If you don’t like guns, fine. Don’t buy any. But don’t just run roughshod over our Constitutional rights because you don’t agree with it.

    <font size=-1>[ This Message was edited by: weatherc on 2001-07-20 16:26 ]</font>

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  • Posted: 20 July 2001 06:15 PM #37

    Well, just to pour oil on troubled waters ... and light a match ...

    I own a gun, in fact I own about half a dozen. One is a Civil War-era Henry rifle that is a family heirloom. (I’m the oldest son of the oldest son of the ...) The rest are for hunting, except for a handgun which I used back in the day when I played music in rough bars. (Ah, youth.)

    Funny how attitudes change. It is now quite fashionable to bash assault rifles, but back in 1776, every rifle was an assault rifle. Scoff if you want, but have you ever seen a Kentucky long rifle? Have you ever fired one? I did once; I never know that it was possible for shoulderblades to clap. (I think you can still see the weave of the shirt in my shoulder.) In fact, one of the reasons that the British had such trouble in America during our revolution and the War of 1812 was that every American they met would be an above-average shooter in the British army. Wellington said as much after Andrew Jackson’s troops stopped the British outside of New Orleans.

    Even when I was a kid (born in ‘67), it was nothing for us to walk through town (a small town in the Midwest, FWIW) with guns on the way to hunt rabbit and squirrel. Now, we had the safeties on and no rounds in the gun as we walked, and we still treated the gun as if it were loaded. Still, if a couple 12-year-olds did that today, they’d be taken away by Child Services, the parents would be arrested, it would be splashed over the evening news for a week, and we’d have to suffer Katie Couric whinging about it. Tragic, that.

    Don’t get me wrong, I don’t believe in having guns around kids. In fact, my brother and I are making sure that his kids are afraid of guns; that way they won’t even touch them until my brother decides they are ready. Then again, that’s behaving responsibly, which seems to really bother some people.

    One thing I have to say, though, is that I find it hilarious how some people view me. I knew one guy, a PETA member, who shrilled at me “You’ve killed hundreds of innocent deer!” He got so mad when I took it as a compliment; I’m lucky to get one deer a decade.

     

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  • Posted: 21 July 2001 03:29 AM #38

    weatherc,

    I am aware of your position on licensing and training when it comes to owning firearms. I think that’s great.

    I will however address your question about “run[ing] roughshod over our Constitutional rights”.

    There’s nothing wrong with changing the constitution. It’s been done before. Amendment 18 was passed, then repealed in Amendment 21. Indeed, the Constitution should be flexible so that it can be brought up to date with the times. I am merely suggesting that the ‘right to bear arms’ might not be appropriate anymore (in its current incarnation), though I’m sure it was when it was proposed.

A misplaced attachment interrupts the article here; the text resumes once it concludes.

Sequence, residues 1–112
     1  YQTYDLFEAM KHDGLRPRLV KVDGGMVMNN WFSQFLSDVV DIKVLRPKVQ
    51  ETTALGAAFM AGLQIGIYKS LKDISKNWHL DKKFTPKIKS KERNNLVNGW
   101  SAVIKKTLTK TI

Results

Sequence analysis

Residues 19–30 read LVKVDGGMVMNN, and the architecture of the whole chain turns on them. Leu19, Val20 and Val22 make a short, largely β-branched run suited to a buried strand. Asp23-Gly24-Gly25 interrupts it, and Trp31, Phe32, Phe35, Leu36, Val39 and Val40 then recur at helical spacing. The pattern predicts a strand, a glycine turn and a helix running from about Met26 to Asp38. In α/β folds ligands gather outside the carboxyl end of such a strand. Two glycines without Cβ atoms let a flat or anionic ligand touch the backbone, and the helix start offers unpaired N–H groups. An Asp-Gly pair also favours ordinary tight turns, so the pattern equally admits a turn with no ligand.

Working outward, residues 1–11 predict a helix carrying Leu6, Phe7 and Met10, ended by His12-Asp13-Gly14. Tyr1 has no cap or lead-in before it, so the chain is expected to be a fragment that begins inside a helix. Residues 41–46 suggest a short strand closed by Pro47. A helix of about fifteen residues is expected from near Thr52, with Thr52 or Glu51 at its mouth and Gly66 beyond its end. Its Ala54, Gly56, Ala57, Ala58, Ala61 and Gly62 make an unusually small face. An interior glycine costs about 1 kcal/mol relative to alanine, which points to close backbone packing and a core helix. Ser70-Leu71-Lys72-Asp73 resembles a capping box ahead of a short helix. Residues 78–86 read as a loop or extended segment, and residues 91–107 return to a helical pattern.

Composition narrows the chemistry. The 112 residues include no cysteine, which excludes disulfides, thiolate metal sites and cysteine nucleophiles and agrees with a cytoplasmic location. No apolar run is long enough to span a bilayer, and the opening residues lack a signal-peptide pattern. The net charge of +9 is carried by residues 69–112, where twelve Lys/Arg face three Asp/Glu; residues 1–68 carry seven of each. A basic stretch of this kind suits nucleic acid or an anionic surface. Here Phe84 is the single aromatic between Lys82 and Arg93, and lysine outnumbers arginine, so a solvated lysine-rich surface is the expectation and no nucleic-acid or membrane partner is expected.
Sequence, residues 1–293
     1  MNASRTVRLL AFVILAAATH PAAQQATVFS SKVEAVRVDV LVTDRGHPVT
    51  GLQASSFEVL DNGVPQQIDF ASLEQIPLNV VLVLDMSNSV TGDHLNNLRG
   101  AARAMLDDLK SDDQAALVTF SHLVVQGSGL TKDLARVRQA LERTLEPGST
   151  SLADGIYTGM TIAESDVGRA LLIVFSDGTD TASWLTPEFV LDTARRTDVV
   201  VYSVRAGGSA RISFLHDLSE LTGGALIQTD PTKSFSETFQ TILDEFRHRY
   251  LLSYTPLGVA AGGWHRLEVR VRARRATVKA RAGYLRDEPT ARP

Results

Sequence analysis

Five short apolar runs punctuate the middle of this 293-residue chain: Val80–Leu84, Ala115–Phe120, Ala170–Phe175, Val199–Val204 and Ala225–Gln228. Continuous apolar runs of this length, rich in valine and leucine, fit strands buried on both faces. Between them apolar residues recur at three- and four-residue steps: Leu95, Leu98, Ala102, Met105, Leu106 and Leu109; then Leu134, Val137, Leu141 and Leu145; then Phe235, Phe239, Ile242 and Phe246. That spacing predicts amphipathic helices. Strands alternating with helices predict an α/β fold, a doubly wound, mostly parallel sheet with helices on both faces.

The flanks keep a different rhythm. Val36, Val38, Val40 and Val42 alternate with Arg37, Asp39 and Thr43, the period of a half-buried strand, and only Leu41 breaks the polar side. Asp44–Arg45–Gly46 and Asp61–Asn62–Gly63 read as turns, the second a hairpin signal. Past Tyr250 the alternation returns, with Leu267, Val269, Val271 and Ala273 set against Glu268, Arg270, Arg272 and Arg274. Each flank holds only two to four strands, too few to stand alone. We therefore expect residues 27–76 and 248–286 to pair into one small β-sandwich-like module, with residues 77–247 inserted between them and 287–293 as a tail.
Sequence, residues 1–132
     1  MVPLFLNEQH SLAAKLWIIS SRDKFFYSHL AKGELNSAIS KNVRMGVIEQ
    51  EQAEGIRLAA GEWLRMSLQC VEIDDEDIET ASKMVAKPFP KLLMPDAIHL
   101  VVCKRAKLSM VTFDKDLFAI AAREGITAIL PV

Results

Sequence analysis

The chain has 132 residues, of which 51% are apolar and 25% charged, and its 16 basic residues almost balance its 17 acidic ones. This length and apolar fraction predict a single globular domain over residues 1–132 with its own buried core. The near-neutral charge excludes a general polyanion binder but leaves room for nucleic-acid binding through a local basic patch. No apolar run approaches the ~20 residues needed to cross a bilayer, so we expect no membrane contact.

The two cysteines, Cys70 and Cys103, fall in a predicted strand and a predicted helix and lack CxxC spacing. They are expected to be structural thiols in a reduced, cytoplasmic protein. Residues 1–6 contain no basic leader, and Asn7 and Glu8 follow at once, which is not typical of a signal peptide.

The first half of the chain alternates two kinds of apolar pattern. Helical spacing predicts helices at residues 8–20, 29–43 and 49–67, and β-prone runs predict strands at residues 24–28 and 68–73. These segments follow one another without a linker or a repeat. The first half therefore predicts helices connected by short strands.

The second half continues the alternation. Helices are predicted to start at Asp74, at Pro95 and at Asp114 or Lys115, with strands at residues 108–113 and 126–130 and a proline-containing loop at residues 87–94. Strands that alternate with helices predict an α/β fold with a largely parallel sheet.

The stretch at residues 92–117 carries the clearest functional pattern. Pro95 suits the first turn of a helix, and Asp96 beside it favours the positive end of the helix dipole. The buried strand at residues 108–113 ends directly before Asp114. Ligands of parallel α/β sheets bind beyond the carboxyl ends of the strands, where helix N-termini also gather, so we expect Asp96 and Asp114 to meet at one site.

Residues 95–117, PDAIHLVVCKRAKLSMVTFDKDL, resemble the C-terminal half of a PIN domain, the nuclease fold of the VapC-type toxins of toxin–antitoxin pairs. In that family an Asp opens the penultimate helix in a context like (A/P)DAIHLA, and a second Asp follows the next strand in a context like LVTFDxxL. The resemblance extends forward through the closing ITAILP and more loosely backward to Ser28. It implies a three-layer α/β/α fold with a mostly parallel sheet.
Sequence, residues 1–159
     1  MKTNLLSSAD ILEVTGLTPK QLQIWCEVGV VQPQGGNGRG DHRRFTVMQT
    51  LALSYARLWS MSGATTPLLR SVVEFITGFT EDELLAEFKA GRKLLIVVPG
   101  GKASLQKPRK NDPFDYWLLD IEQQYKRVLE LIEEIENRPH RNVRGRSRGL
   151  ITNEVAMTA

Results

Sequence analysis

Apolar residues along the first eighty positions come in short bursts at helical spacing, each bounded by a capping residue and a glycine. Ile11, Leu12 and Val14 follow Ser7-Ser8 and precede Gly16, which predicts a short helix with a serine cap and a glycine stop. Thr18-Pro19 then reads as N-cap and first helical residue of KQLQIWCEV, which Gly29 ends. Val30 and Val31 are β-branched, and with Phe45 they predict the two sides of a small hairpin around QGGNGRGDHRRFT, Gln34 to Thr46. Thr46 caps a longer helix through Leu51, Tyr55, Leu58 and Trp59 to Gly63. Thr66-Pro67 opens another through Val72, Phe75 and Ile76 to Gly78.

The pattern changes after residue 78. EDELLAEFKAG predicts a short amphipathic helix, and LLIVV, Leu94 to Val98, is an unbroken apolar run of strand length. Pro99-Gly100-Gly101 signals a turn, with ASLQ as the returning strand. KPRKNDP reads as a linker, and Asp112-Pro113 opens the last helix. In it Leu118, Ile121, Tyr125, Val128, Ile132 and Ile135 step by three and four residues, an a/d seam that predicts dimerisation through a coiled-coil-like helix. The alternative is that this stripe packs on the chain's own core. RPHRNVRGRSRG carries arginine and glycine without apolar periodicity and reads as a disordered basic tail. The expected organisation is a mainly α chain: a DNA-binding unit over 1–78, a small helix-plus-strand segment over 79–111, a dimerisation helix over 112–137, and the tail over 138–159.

One of the great things about the American Constitution is that it has an amending formula built in. This implies that it should be used from time to time. There are costs and benefits to every decision. For me, I consider the cost of gun controls to far outweigh the potential benefit of fewer gun related crimes. Your mileage may vary.

         
  • Posted: 21 July 2001 11:56 AM #39

    Let me put it this way, I live in The Netherlands where there are pretty tight gun control laws. And I’m in favour of them. I don’t need a gun, have NEVER seen one, have never used one.
    I was on vacation once in the States for three months, with normal ppl, who didn’t go around carrying guns either.
    I have the opinion about the 2nd amendament that it was written over 200 years ago, when society was totally different. If someone would write a new constitution from scratch these days, it would be different. I can’t forbid you Yanks to go around carrying guns, but if you look at the number of incidents involving guns or rifles everyday, you ppl should scratch your heads and start thinking how things COULD be different in this new century.
    Just my 0.045 Euro, and in no way a lecture, don’t get me wrong.

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  • Posted: 23 July 2001 09:52 AM #40

    On 2001-07-21 14:56, hoytt wrote:
    Just my 0.045 Euro….

    Just to make sure we’re all on the same page, that’s a currency joke, not a gun joke.

     

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  • Posted: 23 July 2001 11:52 AM #41

    On 2001-07-23 12:52, Ricky wrote:

    Just to make sure we’re all on the same page, that’s a currency joke, not a gun joke.

    I know, but since I live in the Euro zone, I’ll be paying in Euros after 01/01/2001 (not that I like it )
    And 0.045 Euros equals about 0.02 dollars